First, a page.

A man dubbed the “Siberian Mowgli” who grew up in a remote forest with no electricity and never went to school is now a successful businessman in Moscow.
Odzhan Naumkin first emerged from his parents’ hut in the Altai wilderness aged 20 in 2013 when he wanted to break away from their hippy lifestyle.
Now he runs a smart coffee shop and has a thriving online gourmet food market specialising in organic treats.
Deliberately kept away from the modern world as a child, Odzhan – now 30 – explained to local media: “When I was born, they didn’t register me so that nobody would take me from the pit house to an orphanage.
“My mum and dad took care of my education themselves.”
“My dad taught me not only physics and mathematics but also painting, and my mum, being a music teacher, taught me to listen to classical music.”
Odzhan listened to classical music on an old battery radio, as there was no electricity – and, therefore, no TV, washing machine, or fridge – in the family home.
The family earned money by selling mushrooms, paintings, and wooden craft objects in the resort town of Belokurikha 13 kilometres (eight miles) away.
They grew their own food in a 30-acre vegetable garden and Odzhan was only allowed into town on his own when he turned 18.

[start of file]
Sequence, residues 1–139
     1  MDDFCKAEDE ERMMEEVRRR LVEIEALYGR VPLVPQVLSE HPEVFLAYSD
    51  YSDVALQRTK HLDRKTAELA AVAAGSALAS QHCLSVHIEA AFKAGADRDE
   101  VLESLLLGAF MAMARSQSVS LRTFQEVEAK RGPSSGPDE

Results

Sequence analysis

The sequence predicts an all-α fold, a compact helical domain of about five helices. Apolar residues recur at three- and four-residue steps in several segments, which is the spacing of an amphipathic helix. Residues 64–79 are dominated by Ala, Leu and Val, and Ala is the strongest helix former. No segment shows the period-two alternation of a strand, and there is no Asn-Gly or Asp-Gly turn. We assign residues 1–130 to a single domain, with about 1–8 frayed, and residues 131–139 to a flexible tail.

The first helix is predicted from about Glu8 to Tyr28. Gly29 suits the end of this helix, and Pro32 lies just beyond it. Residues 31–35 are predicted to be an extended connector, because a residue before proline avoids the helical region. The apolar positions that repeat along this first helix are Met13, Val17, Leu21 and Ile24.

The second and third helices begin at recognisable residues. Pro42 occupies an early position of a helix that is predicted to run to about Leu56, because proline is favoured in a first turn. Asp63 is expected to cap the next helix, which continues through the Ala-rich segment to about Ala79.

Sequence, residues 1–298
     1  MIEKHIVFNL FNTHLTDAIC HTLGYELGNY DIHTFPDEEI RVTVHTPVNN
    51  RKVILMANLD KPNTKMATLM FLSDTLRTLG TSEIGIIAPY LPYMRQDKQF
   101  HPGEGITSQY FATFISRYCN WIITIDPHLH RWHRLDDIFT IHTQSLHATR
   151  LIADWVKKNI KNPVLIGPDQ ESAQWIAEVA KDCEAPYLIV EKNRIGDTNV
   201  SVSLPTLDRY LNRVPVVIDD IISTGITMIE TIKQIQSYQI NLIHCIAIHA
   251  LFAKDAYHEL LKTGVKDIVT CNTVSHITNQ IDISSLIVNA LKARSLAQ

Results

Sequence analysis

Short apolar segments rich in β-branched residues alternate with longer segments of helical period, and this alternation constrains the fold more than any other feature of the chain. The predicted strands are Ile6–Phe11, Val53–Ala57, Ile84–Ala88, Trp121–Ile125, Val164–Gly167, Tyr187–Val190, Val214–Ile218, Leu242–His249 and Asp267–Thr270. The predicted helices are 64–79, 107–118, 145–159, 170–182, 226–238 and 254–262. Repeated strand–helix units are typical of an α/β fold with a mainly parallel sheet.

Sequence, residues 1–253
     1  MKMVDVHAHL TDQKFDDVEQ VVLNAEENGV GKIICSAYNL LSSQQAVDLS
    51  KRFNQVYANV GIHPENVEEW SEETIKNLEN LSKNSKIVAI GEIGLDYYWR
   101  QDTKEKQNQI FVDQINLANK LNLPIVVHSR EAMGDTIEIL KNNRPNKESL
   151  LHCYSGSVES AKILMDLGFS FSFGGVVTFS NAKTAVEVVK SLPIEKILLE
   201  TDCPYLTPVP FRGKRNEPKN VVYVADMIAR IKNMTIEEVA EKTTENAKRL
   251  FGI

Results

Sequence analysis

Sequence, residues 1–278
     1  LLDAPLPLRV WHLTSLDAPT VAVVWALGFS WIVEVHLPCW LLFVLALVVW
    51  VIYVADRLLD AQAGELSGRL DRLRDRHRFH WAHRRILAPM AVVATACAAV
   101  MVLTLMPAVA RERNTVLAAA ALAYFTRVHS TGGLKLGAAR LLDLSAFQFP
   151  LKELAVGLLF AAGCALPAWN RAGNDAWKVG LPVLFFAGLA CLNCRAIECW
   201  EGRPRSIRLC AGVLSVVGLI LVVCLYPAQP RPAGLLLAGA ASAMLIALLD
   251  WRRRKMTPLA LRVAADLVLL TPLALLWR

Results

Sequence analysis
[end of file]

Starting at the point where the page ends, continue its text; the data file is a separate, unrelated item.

Eager to see more of the world, he began asking his parents complex questions about life and arguing with his dad.
Odzhan said: “Our arguments turned into fights, we both got angry, and I started saying more and more that I wanted to live separately from them.
“At that time, I was only thinking about building a little house next to the pit house. That’s when my parents decided to teach me a lesson.”
One evening, after Odzhan returned home from Belokurikha, he found a note from his parents telling him they had gone to hitchhike halfway across the country.
They asked Odzhan to take care of the property and told him not to look for them, as he was now an adult and could live on his own.
But instead of carrying on living as a recluse, he decided to venture into civilisation and seek help.
He eventually contacted police, who were astonished when they found no record of anyone in Russia named Odzhan Naumkin.
He quickly became the subject of TV reports and articles across Russia and quickly obtained a passport and trained as a barista.
After a series of false starts, he set up in Moscow eight years ago and finally, on 11th August, opened a small coffee shop in a shopping centre.
He told local media: “I have an investor again, a friend of mine who also works as a barista, invested 60 per cent in the coffee shop’s opening.
“I think it will do well and pay off. People have been approaching us in these three days, which is promising.”
At the same time, the Siberian Mowgli sells honey, teas, pinecone jam, and other organic products from his home region via an online store.
Earlier this summer, he visited his parents, who have moved back to the family home in southern Siberia.
The dwelling is now powered by solar panels and a generator gifted by Odzhan.
The Siberian Mowgli said: “It’s the same for them: the garden, the spring, the stove, birdsong, plus now we have electricity, everything is good.”